Different studies have highlighted the importance of local treatment of sinus disease.11,12L. operculata is used to treat inflammatory diseases of the upper airway in homeopathic and allopathic medications produced in Europe, North America and Brazil.13,14 Despite the widespread use of L. operculata there are few studies that attest to its therapeutic value.15

The exact mechanism of action of L. operculatta is still unclear. According to Matos and Gottlieb (1967),16 the active ingredient isocucurbitacin B presents biological activities with decongestants actions as well as laxative, hemolytic, embryo toxic and abortion inductive proprieties. Thus, in view of reports confirming the toxicity of cucurbit cines and it is assumed that the isocucurbitacin B is the toxic principle of L. operculata.16

After the establishment of effective experimental models and reproducible rhino sinusitis in rabbits, many authors have used this tool to study and compare various forms of treatment for nasal infection.17–19 Some authors even rated the herbal effect of local application in these situations.20

Some studies have already evaluated the histological inflammatory pattern of sinusitis in animal models.21,22

Some of these studies have used experimental sinusitis models to compare different treatments. Some authors use the histological evaluation of the nasal or sinus mucosa as inflammation intensity parameter. In most cases, this analysis is performed qualitatively.22 However, in other studies, this analysis is also done by semi-quantitative technique.21 Therefore, they are often assessed factors such as infiltration of inflammatory cells, epithelial ulceration, cilliary loss, edema and connective-fibrous proliferation.23

In agreement with our study, other authors point out that the bacterial sinusitis induction technique is effective19–23 and the etiological agents of infection is related to the infection model used.24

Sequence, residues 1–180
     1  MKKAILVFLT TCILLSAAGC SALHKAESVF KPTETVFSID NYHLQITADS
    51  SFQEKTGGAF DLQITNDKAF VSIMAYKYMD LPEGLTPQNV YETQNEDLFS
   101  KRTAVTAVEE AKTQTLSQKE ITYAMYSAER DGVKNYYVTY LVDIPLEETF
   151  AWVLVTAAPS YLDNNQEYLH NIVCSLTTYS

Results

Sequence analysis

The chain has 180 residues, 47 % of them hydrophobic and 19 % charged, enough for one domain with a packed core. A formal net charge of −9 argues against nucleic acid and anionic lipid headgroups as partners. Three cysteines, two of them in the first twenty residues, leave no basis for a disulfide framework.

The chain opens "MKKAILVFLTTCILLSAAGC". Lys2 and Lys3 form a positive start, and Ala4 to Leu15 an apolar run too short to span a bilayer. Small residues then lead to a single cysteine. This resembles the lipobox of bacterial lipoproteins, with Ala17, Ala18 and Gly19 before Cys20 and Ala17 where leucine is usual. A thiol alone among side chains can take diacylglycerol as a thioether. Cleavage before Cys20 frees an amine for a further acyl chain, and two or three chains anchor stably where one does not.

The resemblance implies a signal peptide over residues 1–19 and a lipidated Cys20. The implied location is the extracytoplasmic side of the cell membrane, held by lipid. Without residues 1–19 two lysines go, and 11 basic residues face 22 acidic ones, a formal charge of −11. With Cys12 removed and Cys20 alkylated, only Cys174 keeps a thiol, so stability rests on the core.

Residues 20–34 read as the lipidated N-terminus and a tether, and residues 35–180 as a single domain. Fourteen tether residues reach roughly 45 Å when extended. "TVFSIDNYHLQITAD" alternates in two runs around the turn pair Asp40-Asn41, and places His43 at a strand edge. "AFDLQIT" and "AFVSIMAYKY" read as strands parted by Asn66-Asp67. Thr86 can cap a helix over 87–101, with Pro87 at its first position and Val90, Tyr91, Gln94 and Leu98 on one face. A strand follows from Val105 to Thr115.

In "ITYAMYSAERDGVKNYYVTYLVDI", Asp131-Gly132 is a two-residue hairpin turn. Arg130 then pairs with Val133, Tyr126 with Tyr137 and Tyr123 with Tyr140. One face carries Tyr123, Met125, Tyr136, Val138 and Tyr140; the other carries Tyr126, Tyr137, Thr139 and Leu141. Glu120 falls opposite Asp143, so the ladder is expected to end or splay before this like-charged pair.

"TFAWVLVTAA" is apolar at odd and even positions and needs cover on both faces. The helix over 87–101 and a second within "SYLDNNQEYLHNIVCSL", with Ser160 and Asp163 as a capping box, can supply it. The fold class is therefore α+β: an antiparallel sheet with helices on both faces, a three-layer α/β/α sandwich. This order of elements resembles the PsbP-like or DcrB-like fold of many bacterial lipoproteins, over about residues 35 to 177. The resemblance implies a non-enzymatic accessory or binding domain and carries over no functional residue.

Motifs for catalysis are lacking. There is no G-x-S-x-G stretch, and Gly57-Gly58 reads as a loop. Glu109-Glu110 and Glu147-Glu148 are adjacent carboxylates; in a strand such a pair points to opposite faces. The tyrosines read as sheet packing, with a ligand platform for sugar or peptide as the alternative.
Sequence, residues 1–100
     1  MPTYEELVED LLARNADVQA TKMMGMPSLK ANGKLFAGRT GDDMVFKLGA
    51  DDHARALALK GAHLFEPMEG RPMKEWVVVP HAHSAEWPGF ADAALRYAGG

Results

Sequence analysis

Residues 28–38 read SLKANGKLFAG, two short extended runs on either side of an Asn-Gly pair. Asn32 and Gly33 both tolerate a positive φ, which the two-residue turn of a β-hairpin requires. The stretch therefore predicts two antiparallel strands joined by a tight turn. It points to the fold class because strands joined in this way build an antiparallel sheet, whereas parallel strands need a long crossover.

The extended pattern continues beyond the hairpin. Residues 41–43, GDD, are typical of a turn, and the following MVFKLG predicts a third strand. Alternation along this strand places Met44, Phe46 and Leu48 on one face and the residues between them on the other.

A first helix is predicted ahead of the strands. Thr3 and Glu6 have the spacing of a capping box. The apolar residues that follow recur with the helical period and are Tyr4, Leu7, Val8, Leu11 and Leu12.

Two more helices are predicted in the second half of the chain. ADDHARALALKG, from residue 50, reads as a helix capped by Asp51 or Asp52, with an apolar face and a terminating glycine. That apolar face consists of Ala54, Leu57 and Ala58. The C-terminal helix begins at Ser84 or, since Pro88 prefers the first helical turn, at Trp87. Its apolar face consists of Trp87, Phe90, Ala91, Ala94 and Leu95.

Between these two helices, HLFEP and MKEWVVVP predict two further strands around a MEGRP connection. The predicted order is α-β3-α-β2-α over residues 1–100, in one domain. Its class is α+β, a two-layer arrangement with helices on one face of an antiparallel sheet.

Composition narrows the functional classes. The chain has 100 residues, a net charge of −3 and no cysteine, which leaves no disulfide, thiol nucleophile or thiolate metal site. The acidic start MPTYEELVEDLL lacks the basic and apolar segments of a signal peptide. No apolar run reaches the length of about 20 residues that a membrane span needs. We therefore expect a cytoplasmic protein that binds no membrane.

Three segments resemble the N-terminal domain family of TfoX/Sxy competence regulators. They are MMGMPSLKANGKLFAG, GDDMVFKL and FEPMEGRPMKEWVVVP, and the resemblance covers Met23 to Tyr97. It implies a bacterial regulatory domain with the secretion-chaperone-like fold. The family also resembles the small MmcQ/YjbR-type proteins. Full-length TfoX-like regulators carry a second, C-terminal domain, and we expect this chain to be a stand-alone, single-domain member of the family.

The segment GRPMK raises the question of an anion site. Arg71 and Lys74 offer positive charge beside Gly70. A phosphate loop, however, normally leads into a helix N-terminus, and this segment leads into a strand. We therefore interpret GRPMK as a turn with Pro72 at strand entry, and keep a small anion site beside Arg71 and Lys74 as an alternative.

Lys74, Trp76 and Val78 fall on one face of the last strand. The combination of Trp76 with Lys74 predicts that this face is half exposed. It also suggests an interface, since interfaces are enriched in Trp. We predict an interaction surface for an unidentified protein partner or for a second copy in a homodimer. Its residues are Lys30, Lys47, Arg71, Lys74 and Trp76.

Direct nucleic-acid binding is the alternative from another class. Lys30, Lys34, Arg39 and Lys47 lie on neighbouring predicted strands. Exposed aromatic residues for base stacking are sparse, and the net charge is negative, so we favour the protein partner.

The antimicrobial effect and secretive induction are probably the main activities of L. operculata. These actions are known to be important for treating different respiratory infections such as RS.23

Nasal topical administration Luffa extract solution operculata 1% has shown superior efficacy to the saline for the treatment of bacterial rhino sinusitis in experimental rabbit model, taking into account, histological and sinus secretions culture parameters.

The positive results observed in the in vivo test combined with irritant effect on the respiratory tract already described in literature as a side effect of Luffa, stimulated us to identify active ingredients in Luffa extract and submit them to antibacterial activity tests.

The purified substance obtained was identified as 2,3-dicafeoilglicaric acid. This compound was not described previously in literature. The substance proved to be effective in vitro tests inhibiting the growth of bacteria of the species Streptococcus pyogenes. Since the treatment of rhino sinusitis with topical aqueous extract of L. operculata has side symptoms due to the presence of saponins which cause some irritation to the airways, the use of the active principle in the absence thereof may prove to be of great value in the treatment of RS in humans, bringing the possibility of a new drug for topical use with great practical utility and commercial viability.


Topical nasal solution of the aqueous extract of L. operculata is effective compared to the application of saline solution for the treatment of bacterial RS in an experimental model. L. operculata determined in vitro inhibition of growth of S. pyogenes.

Conflicts of interest

The authors declare no conflicts of interest.

F.S. Hansen, R. Hoffmans, C. Georgalas, W.J. Fokkens
Complications of acute rhinosinusitis in The Netherlands
Fam Pract, 29 (2012), pp. 147-153
W. Fokkens, V. Lund, J. Mullol
European position paper on rhino sinusitis and nasal polyps
Rhinol Suppl, 20 (2007), pp. 1-136
R.M. Rosenfeld, D. Andes, N. Bhattacharyya, D. Cheung, S. Eisenberg, T.G. Ganiats
Clinical practice guideline: adult sinusitis
Otolaryngol Head Neck Surg, 137 (2007), pp. 1-31
J.B. Anon, M.R. Jacobs, M.D. Poole, P.G. Ambrose, M.S. Benninger, J.A. Hadley, Sinus and Allergy Health Partnership
Antimicrobial treatment guidelines for acute bacterial rhino sinusitis
Otolaryngol Head Neck Surg, 130 (2004), pp. 1-45
M.A. Menon-Miyake, M. Caniello, A.P.S. Balbani, O. Butugan
Inquérito sobre o uso de plantas medicinais para tratamento de afecções otorrinolaringológicas entre pacientes de um hospital público terciário
Rev Bras Otorrinolaringol, 70 (2004), pp. 43-55
Diretrizes Brasileiras de Rinossinusites